Queens State Senator Michael Gianaris and Manhattan Assemblyman Brian Kavanagh today joined the New York City Campaign Finance Board to push an initiative that would automatically put all eligible New Yorkers on the voter rolls.
Lamenting low turnout and registration rates in last year’s elections, the Democrats appeared on the steps of City Hall with various advocacy groups to push their “Voter Empowerment Act.” The measure would coordinate the state Board of Elections with the Department of Motor Vehicles, Department of Education, Department of Labor, Department of Military and Naval Affairs and the public university systems to identify New York residents qualified to cast ballots and then place them in the voting books.
“This would just involve government agencies themselves communicating amongst themselves information that they already have, to make sure that people who are eligible to vote can show up on election day and vote without having to worry about deadlines or any other arbitrary rules and to be part of the process,” Mr. Gianaris said, noting that in 1974 5.5 million people voted, in contrast with 3.7 million in 2014—a decline he blamed on the onerous paperwork involved in registering to vote.
Mr. Kavanagh argued the bill would bring the state into compliance with the National Voter Registration Act of 1993, a controversial measure obligating states to offer people applying for drivers licenses or signing up for public assistance the opportunity to also register to vote in federal elections. The Clinton-era measure has not been fully implemented in all parts of the country.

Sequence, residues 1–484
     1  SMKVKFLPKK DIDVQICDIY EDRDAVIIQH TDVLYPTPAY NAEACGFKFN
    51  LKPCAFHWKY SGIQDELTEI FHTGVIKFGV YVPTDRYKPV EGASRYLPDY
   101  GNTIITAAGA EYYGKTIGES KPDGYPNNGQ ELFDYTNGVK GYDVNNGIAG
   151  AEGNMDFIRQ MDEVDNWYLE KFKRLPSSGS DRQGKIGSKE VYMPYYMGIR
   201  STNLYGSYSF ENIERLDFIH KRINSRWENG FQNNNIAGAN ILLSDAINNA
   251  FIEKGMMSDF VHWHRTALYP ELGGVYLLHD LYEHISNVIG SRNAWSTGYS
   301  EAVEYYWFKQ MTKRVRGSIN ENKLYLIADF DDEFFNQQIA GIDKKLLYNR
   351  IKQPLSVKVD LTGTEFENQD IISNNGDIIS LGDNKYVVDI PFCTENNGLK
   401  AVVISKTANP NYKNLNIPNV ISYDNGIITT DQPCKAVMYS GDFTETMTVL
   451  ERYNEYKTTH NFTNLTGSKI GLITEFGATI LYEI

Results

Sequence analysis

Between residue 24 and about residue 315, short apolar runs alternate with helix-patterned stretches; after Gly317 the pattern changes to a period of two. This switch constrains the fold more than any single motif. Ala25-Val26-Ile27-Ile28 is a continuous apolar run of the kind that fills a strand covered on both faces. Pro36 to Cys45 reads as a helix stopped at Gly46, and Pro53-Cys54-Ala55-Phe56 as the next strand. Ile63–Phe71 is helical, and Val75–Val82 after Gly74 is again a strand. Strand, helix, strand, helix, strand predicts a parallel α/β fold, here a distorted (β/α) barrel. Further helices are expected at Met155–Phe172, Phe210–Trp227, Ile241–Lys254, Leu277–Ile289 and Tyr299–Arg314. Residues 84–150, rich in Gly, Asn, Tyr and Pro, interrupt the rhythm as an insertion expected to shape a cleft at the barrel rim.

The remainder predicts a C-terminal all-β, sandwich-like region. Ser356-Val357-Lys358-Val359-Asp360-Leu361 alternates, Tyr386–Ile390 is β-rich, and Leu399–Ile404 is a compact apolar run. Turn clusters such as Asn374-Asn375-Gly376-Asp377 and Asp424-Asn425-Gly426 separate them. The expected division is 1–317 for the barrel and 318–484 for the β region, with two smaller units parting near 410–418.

“We know that in New York State and other states, they failed to do that effectively, because it’s a very cumbersome paper-driven process,” the assemblyman said, arguing that bureaucratic bumbling frequently disenfranchises those who fill out that paperwork in the last weeks before an election. “We know in many cases people attempt to register, and their name and address fail to show up properly on the voter rolls.”
Eligible residents who do not wish to vote would be permitted to opt-out of the program.The bill would also abolish New York’s unique one-year delay for people seeking to change their party affiliation.
On Voter Registration Day yesterday, the Campaign Finance Board held drives across the city to get people to both sign up to vote and to add their names to petitions in favor of the legislation. The board’s executive director, Amy Loprest, pointed out that New York ranked 46th in the nation in voter participation last year—which she blamed on outdated and incomplete registration methods.
“Considering all the technological changes that have happened in the past 50 years, why are we still registering voters with pens and paper?” she asked. “Our city, our state works beter when everyone participates. Voter turnout in New York has reached historic lows. If we want to make sure people turnout on election day, we need to make sure all of them are registered.”
Mr. Gianaris argued the proposal has a strong chance of passing even in his Republican-dominated body, given that similar measures have become law in states like New Jersey and Oregon, and that Democratic front-runner Hillary Clinton has made universal voting a plank in her campaign platform.
“We’re seeing a lot of momentum behind this,” he said.